Gross profit is also crucial. It shows how much money you make after subtracting the direct costs of making or buying your products. When gross profits go up, it's a good sign for your business's strength and potential growth. But remember, gross profit alone doesn't show your financial health because it only includes some other costs like rent, utilities, and salaries.

So, while gross profit gives you insights into your sales and production costs, net profit is the number that truly reflects how well your business is doing overall.

Understanding Revenue vs Profit

Revenue is the total income generated from sales of products or services, while profit is the amount of money left over after subtracting all expenses from revenue. In simple terms, revenue is the money coming in, while profit is what's left after paying all the bills.

How Aspire Can Help You Manage Expenses?

  1. Expense Tracking: With Aspire, you can effortlessly track all your business expenses in one convenient location. Categorise expenses, attach receipts and automate imports from your bank accounts or credit cards for easy monitoring.
  2. Budgeting: Set budgets for expenses like marketing, utilities, or office supplies. Aspire lets you track your spending against these budgets in real time and receive alerts when you're nearing or exceeding your limits.
  3. Expense Approval Workflows: If you have a team, use Aspire's expense approval workflows to ensure that expenses are reviewed and approved before reimbursement or payment. Set up rules and permissions to streamline the process.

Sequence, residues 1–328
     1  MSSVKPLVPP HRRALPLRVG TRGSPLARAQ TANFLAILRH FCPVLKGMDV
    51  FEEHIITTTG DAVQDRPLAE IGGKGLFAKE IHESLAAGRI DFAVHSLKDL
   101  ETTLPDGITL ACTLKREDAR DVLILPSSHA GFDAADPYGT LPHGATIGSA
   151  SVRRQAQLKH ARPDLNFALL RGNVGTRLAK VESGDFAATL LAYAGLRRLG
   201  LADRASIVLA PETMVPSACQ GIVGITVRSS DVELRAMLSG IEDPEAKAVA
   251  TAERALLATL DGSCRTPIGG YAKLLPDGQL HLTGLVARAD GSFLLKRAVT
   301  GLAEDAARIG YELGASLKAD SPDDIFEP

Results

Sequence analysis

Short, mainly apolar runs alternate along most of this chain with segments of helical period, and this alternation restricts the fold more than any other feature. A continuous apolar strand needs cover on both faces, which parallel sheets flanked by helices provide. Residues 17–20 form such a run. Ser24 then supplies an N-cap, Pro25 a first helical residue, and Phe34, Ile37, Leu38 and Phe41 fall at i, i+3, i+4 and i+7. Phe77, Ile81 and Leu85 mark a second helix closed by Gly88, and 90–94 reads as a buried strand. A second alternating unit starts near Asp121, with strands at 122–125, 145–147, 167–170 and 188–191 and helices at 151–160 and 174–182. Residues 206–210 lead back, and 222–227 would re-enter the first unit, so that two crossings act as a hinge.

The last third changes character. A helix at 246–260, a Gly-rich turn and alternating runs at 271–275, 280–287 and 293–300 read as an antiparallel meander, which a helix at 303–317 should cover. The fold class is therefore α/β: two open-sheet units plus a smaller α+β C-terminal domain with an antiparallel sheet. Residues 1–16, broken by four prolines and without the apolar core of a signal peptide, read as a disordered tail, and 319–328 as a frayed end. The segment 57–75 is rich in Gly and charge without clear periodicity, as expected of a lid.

4. Financial Reporting: Gain valuable insights into your business's spending patterns and trends with Aspire's customisable financial reports. Identify areas where you can save money and make informed decisions about expense management.
  5. Integration with Accounting Software: Aspire seamlessly integrates with popular accounting software like QuickBooks, Xero, and FreshBooks. Sync your expense data effortlessly and streamline your financial processes for enhanced efficiency.

By leveraging Aspire's expense management features, you can efficiently track, analyse, and control your expenses, leading to better financial management and improved profitability for your business. 

So, open a business account right now!

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About the author
Aaron Oh
is a seasoned content writer specialising in finance, insurance and tech industries. With a writing history at S&P Global, EdgeProp, Indeed, Prudential, and others, Aaron leverages finance knowledge and business insights to help businesses improve productivity and performance.